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The Declining Ratings and Credibility of Elite Awards Shows

This past Sunday was the 93rd Academy Awards, or more colloquially known as the Oscars. In the midst of a pandemic, dozens of filmmakers, actors, and the like congregated in downtown LA for a three-hour event, all whilst not wearing a mask while the “cameras are rolling”, but that’s an issue for another time. While this past Oscars achieved a feat in awarding “Best Director” to both the first woman of color and second woman in history, Chloé Zhao, it manages to fail in many other regards. 

This year’s Oscars racked up 9.85 million viewers, making it the least viewed Oscar telecast in history. For comparison, this is a drop of about 58% viewers from the 2020 Oscars. Truth be told, much of this fall in viewership can be credited to the pandemic: with the past several months of virtual award shows and closed movie theatres, it’s no surprise that this year’s Oscars fell flat. Ceremonies from the last two months, including the Golden Globes, Grammys, and Emmys, suffered the same effects. What’s important to note is that these aren’t just one-time occurrence, viewership has steadily declined over the years.

But what’s more than numbers in ratings or audience is the loss of credibility in these awards shows. Take the Grammys for example; Just this year, The Weeknd, a notable R&B singer of Ethiopian descent with three Grammy wins, declined going to the show by stating: “Because of the secret committees [..] I will no longer allow my label to submit my music to the Grammys.” The Weeknd has joined notable acts like Drake, Halsey, and Frank Ocean, in their stand of the Grammys as a threat to an institution that views itself as a supportive home for the entire music community. The Grammys’ elusive voting and nomination process has long remained a mystery and continues to be an aspect of controversy for many artists. Notwithstanding its constant ostracization of marginalized groups of course. From a USC Annenberg Inclusion Initiative study, Black performers represented about 38% of all artists on Billboard Hot 100 from 2012 to 2020, but only received about 27% of top Grammy nominations during that span. Even lower proportions are said for Asian and Latin artists, with them representing about 3% of nominees respectively. 

I remember vehemently watching award shows as a kid, making sure to mark down every relevant Sunday in my calendar to sit down in front of the living-room T.V for two hours. My family and I would keep notepads on how we thought would win, marking them down and winning points every time someone won. So how is that, simply ten years later, award shows have become near obsolete? It can be attributed to numerous trends but the most notable can be listed below:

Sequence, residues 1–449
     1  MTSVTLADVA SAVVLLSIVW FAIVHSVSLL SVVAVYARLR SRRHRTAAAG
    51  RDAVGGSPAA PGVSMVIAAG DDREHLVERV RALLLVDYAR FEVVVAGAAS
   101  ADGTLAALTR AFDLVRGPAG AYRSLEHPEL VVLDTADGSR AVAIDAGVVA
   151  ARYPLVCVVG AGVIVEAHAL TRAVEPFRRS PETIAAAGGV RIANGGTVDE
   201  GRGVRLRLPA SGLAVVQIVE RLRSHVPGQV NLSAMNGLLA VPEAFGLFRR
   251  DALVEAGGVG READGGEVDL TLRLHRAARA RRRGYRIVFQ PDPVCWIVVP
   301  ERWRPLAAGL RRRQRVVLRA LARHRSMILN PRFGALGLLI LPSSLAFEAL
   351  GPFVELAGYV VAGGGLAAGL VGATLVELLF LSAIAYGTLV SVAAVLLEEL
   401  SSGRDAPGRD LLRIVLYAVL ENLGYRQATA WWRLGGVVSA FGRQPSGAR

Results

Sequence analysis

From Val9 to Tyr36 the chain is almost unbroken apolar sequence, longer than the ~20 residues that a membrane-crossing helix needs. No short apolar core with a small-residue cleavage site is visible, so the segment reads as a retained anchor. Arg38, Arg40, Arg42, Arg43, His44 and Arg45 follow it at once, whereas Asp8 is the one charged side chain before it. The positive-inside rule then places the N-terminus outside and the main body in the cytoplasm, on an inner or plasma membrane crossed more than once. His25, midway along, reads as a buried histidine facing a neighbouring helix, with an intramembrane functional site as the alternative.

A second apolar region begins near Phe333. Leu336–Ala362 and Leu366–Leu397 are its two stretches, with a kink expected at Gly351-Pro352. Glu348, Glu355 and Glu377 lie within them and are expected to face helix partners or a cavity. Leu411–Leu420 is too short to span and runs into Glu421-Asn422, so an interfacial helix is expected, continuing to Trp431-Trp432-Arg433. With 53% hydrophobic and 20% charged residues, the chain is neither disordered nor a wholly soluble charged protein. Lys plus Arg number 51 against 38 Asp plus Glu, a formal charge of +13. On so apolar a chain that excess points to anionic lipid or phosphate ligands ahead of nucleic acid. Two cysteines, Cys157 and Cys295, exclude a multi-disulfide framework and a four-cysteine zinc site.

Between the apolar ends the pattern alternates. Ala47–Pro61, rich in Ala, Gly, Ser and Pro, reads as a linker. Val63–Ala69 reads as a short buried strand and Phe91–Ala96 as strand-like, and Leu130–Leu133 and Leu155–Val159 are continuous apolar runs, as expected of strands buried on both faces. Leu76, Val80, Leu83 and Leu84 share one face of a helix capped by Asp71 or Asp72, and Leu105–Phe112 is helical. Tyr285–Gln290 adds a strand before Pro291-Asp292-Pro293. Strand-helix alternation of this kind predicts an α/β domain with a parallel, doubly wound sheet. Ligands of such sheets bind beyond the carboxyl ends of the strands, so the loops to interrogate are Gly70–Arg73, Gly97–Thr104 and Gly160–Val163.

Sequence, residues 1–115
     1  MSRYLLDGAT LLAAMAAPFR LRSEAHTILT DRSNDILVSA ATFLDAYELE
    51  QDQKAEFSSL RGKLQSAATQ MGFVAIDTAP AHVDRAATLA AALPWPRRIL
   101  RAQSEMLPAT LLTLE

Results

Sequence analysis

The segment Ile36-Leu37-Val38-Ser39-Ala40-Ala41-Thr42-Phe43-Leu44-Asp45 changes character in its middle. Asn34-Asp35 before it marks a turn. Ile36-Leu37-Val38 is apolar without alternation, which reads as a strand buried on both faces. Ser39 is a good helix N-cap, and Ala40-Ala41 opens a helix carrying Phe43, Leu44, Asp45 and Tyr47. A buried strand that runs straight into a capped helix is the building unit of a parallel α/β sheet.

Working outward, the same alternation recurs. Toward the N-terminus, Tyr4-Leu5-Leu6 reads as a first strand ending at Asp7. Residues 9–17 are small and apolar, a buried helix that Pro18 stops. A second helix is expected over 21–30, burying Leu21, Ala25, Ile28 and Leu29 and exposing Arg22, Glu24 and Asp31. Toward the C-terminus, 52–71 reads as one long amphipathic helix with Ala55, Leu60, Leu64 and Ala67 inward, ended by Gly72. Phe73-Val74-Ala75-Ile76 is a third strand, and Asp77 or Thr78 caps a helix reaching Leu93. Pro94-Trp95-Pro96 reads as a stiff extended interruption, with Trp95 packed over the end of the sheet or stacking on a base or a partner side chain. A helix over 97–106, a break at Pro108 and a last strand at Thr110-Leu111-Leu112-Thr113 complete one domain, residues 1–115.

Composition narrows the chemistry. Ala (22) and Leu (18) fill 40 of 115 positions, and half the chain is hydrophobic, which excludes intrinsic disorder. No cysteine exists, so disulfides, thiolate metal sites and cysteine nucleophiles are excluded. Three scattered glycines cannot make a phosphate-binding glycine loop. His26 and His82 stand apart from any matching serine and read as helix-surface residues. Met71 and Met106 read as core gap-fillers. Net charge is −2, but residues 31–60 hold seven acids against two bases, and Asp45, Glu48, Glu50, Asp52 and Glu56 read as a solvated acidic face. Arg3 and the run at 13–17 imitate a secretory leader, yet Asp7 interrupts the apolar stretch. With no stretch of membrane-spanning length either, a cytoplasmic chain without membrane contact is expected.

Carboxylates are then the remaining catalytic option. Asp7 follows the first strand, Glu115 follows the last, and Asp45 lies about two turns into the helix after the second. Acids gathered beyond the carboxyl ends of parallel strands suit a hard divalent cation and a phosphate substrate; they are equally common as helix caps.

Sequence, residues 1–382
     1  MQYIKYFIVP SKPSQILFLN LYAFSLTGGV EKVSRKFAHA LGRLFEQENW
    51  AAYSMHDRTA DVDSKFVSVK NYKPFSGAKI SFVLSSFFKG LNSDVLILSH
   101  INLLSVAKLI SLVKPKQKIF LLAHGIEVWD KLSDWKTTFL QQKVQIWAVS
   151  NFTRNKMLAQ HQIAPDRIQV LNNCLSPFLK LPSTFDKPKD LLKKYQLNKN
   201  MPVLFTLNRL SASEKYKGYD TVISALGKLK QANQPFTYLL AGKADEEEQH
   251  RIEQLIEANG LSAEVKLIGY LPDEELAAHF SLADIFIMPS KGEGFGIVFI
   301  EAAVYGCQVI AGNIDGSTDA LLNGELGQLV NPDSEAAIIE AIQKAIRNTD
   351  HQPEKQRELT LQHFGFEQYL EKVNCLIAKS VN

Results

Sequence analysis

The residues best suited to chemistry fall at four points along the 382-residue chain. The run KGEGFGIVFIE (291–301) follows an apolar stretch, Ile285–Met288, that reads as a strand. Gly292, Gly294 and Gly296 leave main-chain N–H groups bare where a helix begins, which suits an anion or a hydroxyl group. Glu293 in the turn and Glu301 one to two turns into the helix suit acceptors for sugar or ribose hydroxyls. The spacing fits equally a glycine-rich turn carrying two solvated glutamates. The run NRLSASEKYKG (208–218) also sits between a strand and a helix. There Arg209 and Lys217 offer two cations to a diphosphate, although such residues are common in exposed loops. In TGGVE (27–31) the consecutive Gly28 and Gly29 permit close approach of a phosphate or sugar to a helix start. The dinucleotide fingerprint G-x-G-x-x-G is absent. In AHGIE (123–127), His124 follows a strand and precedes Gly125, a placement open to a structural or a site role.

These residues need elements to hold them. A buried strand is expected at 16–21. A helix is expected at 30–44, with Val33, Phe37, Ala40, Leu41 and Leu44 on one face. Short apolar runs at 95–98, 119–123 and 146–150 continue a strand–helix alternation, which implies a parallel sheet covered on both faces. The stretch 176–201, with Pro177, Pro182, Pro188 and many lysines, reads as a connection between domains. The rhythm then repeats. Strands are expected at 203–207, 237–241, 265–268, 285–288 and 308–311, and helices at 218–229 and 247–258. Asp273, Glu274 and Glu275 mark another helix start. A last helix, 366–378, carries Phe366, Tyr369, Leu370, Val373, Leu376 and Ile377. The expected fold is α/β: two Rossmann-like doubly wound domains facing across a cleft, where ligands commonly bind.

1. The Rise of Streaming Services and the Internet

    In short, older generations watch live TV and the younger stream. The internet has damaged the reputation of awards shows in more ways than one. When the Oscars were first televised in 1953, it was one of few ways people could see so much star power in one room. Now, all they need to do is open up Instagram. With multiple options for younger people to see their favorite celebrities, watching a stuffy ceremony for hours seems like the last thing on their minds

  2. An Oligarchy Voting Process 

    As alluded to by The Weeknd, many prestigious award shows rely on committees to determine both nominations and winnings. Who makes up these committees is also often a mystery. With numerous rules and regulations in place and phases of rounds to get through, it’s no wonder artists feel beaten down when they fail to receive a nomination, or even get acknowledged.

  3. Lack of Diversity in a Growingly Diverse Country 

    The Oscars’ exclusivity and lack of diversity have become major talking points in recent years. In 2016, #OscarsSoWhite began as a grassroots movement on Twitter to boycott the Oscars after every acting nomination was awarded solely to white actors and actresses for the second straight year. As we know though, the Oscars aren’t alone in this feat. Achievements are routinely given to white figures over those of color, perpetuating a cycle of white recognition.

It wouldn’t be a surprise if, at one point, these elite award shows eventually dissolved, becoming a backburner for the programs streaming services and social media offers. But is that a bad thing? With more people than ever, it seems a bit outdated to recognize a sole person and still manage to appease everyone. In all honesty, no matter what these award shows do, they cannot please everyone. But feats like “Parasite” and Lil Baby’s anti-police brutality performance are steps forward.

Sreya is a third-year combined computer science and business major. Prior to being Campus Correspondent/Editor in Chief from 2020-2021, she was an editor for Northeastern's chapter. Besides being part of Her Campus, she's also in HackBeanpot. She spends most of her free time watching cringy reality shows, scrolling through Twitter, and going to (way too many) concerts.
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